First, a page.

Parkinson’s disease is “a progressive disorder of the nervous system that affects movement,” according to the Mayo Clinic. It develops slowly over time, with the first symptoms showing in a tremble in one hand. Famous sufferers of the disease include Muhammad Ali and Michael J. Fox, but even after years of seeing familiar faces connected to Parkinson’s, there is no known cure. A new study published in Current Biology may give insight into what causes Parkinson’s and pave a new way for treatment.

Researchers at the University of Montreal have found that Parkinson’s disease might be a result of brain cells that have unusually high energy needs in order to control their movement. This “energy crisis,” as they call it, causes the cells to overheat and burn out.

"Like a motor constantly running at high speed, these neurons need to produce an incredible amount of energy to function," lead researcher Professor Louis-Éric Trudeau said in a press release. "They appear to exhaust themselves and die prematurely." Trudeau hopes his team’s findings produce a better understanding of the disease and thus better treatments.

The discovery could lead to drugs that help the brain manage its energy consumption or use energy more efficiently, which would lead to less damage to the cells over time. Trudeau says his team is already working on finding these kinds of drugs.

The team has spent the last three years trying to figure out why the mitochondria cells — the powerhouses that produce the energy our cells need to function, grow and release signals — inside the area of the brain affected by Parkinson’s work so hard that they overheat. The team found that these cells have very complex structures with multiple branches and sites where chemical agents are released. They suggest that the complexity of these cells is to blame for the overheating.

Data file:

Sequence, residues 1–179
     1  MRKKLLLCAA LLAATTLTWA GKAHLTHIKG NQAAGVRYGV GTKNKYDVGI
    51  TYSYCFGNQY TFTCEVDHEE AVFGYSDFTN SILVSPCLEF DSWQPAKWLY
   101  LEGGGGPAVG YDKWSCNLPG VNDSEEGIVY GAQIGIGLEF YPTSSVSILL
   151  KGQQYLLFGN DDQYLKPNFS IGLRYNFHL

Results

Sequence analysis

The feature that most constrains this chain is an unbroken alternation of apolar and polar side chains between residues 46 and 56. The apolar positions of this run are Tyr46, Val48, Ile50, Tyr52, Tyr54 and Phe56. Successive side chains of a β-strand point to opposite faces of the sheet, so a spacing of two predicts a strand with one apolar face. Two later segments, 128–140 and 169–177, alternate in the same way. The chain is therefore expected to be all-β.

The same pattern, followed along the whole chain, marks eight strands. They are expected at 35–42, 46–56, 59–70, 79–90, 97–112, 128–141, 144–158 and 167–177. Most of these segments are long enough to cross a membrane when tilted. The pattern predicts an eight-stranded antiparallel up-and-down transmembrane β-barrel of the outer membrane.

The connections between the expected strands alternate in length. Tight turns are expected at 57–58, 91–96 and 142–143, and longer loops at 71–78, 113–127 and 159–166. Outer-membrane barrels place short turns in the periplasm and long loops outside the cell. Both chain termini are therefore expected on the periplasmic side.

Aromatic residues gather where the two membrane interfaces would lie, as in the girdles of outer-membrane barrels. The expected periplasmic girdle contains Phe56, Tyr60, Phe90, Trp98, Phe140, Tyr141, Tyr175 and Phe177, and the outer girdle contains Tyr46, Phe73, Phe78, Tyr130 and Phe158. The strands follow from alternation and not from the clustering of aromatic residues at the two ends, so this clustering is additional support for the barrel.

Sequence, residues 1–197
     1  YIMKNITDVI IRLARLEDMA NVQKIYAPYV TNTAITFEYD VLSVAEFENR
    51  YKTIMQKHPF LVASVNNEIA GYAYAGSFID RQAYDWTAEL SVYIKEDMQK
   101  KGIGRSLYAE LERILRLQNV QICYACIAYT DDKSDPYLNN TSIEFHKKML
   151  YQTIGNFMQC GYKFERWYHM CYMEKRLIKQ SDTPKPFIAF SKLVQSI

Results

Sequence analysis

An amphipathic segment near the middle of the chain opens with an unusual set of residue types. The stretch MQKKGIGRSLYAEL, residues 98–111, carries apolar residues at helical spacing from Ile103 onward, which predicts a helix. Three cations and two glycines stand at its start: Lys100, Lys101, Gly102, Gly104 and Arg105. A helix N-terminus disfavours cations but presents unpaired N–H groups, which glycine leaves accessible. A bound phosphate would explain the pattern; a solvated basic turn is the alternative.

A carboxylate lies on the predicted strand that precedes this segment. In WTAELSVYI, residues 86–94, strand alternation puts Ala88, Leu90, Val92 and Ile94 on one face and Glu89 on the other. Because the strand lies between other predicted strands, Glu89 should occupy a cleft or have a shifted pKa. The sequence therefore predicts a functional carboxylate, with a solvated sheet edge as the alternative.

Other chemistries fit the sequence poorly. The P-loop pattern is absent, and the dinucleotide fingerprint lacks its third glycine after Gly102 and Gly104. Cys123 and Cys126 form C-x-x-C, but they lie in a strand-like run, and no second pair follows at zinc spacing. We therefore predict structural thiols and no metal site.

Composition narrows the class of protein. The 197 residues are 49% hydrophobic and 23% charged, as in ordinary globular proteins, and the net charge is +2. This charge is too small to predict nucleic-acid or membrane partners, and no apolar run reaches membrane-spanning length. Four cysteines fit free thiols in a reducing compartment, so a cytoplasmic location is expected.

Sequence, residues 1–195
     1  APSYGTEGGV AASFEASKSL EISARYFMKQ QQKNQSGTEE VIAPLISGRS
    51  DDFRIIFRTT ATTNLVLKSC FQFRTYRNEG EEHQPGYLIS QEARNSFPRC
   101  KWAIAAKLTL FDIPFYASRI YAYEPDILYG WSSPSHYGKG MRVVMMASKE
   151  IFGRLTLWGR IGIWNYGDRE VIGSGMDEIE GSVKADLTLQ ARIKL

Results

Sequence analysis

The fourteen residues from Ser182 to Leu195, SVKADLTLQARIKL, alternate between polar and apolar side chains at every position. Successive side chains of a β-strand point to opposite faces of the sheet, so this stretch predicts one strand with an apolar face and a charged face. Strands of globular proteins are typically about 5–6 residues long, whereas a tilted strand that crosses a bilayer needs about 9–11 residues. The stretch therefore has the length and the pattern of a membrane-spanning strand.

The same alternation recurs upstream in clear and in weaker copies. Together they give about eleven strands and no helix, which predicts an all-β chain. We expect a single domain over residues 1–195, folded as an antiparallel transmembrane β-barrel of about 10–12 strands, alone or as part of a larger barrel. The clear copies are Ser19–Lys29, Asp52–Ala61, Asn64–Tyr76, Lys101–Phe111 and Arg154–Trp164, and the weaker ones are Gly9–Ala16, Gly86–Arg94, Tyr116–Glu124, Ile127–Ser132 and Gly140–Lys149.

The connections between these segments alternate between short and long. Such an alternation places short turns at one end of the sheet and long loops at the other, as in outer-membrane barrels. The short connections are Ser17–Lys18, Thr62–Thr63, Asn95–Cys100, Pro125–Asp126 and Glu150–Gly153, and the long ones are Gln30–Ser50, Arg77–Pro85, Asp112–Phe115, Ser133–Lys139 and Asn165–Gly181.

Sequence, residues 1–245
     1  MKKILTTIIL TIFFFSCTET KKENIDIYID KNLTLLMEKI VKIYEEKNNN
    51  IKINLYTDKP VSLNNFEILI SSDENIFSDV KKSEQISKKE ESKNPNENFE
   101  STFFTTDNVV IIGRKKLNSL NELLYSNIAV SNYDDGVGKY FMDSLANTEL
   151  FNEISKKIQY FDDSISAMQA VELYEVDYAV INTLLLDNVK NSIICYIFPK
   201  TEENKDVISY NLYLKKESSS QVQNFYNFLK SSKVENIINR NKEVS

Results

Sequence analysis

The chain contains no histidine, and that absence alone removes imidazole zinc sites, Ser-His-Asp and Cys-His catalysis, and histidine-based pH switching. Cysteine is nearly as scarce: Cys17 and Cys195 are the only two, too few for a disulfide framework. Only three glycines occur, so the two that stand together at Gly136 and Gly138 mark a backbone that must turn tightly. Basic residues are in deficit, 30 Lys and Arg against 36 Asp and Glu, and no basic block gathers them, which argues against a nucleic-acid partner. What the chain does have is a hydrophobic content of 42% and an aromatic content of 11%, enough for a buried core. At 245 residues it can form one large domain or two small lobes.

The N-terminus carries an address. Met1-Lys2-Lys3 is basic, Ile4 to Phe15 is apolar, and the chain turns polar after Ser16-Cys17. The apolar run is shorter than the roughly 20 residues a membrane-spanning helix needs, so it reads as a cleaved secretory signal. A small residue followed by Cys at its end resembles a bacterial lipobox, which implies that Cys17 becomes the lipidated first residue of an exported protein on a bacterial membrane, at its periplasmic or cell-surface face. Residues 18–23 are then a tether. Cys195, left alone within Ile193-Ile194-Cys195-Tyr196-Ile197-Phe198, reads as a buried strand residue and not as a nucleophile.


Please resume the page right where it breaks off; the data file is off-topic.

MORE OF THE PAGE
"To use the analogy of a motor," Trudeau said, "a car that overheats will burn significantly more fuel, and, not surprisingly, end up at the garage more often."

The older we get, this complexity makes our brain cells more vulnerable, making them more likely to overheat and die, which triggers Parkinson’s. Trudeau says that as we find ourselves living longer, we must deal with the challenges of finding treatments for neurodegenerative diseases. He says that "some of our neurons are perhaps just not programmed to last 80, 90, or 100 years. ... It's to be expected that certain parts of our body are less able to withstand the effects of time."

Source: Pacelli, C, et al. Elevated mitochondrial bioenergetics and axonal arborization size are key contributors to the vulnerability of dopamine neurons. Current Biology. 2015.